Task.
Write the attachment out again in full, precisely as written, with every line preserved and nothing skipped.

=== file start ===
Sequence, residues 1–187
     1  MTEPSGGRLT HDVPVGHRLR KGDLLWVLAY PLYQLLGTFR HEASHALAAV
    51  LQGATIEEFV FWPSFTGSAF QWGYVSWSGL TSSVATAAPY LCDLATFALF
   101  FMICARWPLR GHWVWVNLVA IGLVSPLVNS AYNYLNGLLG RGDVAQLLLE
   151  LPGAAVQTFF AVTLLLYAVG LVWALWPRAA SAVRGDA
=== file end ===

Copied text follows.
Sequence, residues 1–187
     1  MTEPSGGRLT HDVPVGHRLR KGDLLWVLAY PLYQLLGTFR HEASHALAAV
    51  LQGATIEEFV FWPSFTGSAF QWGYVSWSGL TSSVATAAPY LCDLATFALF
   101  FMICARWPLR GHWVWVNLVA IGLVSPLVNS AYNYLNGLLG RGDVAQLLLE
   151  LPGAAVQTFF AVTLLLYAVG LVWALWPRAA SAVRGDA